• After receiving the callback, the client adds the plain text secret as the code_verifier parameter in the request when redeeming the code against the token endpoint.

  • The token service verifies that the hash of the code_verifier parameter matches the hash sent in the authorization request earlier, and will only issue tokens if there's a match.

PKCE JavaScript Example

A very basic JavaScript example on our GitHub page shows how to do this.

It's recommended to configure the OAuth server to require the PKCE for public clients, so that there are no paths left open where it's possible to do the code flow without the verifier. This is the default in the Curity Identity Server.

Using the Implicit Flow for SPAs

The implicit flow was intended for applications like SPAs in the original OAuth specification. Even though the Best Current Practice (BCP) recommends the code flow with PKCE, there may be scenarios where the implicit flow is relevant. If used, be aware the token is sent in the fragment of the URL back to the client, leaving it visible to any script that can access the history or the current page url.

Unprotected tokens

Tokens are passed in the URI in the implicit flow, which leaves it visible for both users and code running in the application.

Refreshing Access Tokens

Access tokens can be refreshed by either relying on the single sign-on (SSO) session or using refresh tokens.

Using the SSO Session

Relying on the SSO session is the recommended approach when the SPA can frame the OAuth server's authorize endpoint securely. SSO sessions are created and represented as secure cookies on the login system after users log in for the first time. The user will not be prompted for a new login as long as the SSO session is alive.

The client simply opens a hidden iframe and starts a new authorization request. The client must pass the parameter prompt with the value none to force the server to return an error if the user needs to interact with the server. This means that as long as SSO can be used, the server will return a new authorization_code that the client can redeem. If the server responds with an error, the client simply aborts the flow and restarts it in a visible window where the user can interact again.

This can also be combined with OpenID Connect session management to avoid any premature redirection and unnecessary network traffic just to check login state.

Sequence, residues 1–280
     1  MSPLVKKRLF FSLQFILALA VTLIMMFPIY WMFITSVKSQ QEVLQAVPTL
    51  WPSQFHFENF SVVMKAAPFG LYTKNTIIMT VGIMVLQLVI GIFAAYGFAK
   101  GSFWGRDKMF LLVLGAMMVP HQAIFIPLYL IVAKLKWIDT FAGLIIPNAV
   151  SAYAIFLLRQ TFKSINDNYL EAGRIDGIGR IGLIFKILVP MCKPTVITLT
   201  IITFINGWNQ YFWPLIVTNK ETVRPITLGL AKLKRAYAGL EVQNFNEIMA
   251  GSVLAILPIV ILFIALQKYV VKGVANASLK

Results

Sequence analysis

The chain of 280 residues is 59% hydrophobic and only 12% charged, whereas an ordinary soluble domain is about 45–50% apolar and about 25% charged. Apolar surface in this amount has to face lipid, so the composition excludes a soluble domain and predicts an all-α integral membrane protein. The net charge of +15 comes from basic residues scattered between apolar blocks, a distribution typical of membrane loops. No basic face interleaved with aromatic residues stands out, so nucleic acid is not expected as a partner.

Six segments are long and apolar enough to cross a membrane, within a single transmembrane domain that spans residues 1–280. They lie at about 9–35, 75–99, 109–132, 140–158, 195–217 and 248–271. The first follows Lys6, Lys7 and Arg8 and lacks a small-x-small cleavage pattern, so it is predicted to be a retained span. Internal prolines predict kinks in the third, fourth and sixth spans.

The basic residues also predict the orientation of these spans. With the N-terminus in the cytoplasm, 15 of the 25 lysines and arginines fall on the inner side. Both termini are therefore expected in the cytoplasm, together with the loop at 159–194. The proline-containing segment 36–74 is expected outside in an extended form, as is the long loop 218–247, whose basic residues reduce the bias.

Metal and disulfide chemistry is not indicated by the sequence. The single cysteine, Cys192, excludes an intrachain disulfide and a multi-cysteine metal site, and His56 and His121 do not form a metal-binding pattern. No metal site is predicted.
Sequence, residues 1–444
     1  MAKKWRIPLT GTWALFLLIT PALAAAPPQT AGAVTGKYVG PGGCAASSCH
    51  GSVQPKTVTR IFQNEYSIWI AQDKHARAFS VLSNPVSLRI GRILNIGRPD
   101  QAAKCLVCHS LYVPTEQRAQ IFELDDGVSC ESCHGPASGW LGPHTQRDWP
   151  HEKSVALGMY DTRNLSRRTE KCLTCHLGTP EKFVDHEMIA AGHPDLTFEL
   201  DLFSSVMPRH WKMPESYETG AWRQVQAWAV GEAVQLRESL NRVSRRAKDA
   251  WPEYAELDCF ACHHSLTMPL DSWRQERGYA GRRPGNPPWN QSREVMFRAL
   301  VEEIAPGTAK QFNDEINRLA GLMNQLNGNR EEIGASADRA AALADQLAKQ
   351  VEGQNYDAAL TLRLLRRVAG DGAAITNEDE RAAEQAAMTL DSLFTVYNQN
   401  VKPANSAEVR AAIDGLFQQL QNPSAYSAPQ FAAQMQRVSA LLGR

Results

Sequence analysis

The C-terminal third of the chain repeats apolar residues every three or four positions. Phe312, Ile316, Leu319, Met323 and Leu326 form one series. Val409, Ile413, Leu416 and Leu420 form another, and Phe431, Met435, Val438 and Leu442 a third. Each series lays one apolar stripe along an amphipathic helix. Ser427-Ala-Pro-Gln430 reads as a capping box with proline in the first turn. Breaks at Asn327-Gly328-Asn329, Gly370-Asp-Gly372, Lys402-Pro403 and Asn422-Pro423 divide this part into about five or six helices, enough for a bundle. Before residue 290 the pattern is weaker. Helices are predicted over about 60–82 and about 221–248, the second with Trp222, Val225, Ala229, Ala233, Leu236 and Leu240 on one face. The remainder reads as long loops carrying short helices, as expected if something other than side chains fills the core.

Note that modern browsers have announced dropping support for third-party cookies. This can render using SSO with hidden iframes impossible, if the Authorization Server does not share the same domain as the SPA. Using designs like the Token Handler Pattern can help mitigate such problems.

Using Refresh Tokens

Normally when using a refresh token, the client authenticates itself against the token endpoint for the refresh. This prevents the refresh token from being stolen and used by parties that do not possess the secret.

Since the SPA is a public client, it cannot authenticate itself against the token endpoint. It is still allowed to use refresh tokens, but developers should be aware that the refresh token no longer is a protected (or bound) token, and that any party that steals it can use it. For this reason the refresh token, if issued, should have a short lifetime, and must be replaced with a new one upon use.

The default behavior in the Curity Identity Server is to never reuse refresh tokens, and the tokens have a default lifetime of one hour. Public clients created in the admin UI must have refresh tokens enabled explicitly.

Receiving Tokens on the Front Channel

A final word should be written about tokens that are sent on the front channel in the redirect URI. Both the OpenID Connect implicit flow and hybrid flow will pass the ID token in the callback. This means that they are much easier to replace with other tokens by an attacker. For this reason, OpenID Connect defines the nonce parameter. This is generated by the client and sent in the request to the authorization endpoint. The server will place the same nonce in the ID token it issues. The client can then verify that the token was indeed issued for that request.

If an access token is received on the front channel alongside the ID Token, an at_hash value will be present inside the ID Token. The at_hash is the hash of the access token that was issued at the same time. This prevents the access token from being replaced.

Finally, any ID Token received on the front channel must be validated before usage.

Conclusion

SPAs are different from regular web applications. It is important to be aware of the risks that come with not following the guidelines and protocols properly. This article summarized some topics listed in the Best Current Practices for Single Page Applications. We recommend that you use the Token Handler Pattern for the best overall architecture in a Single Page Application.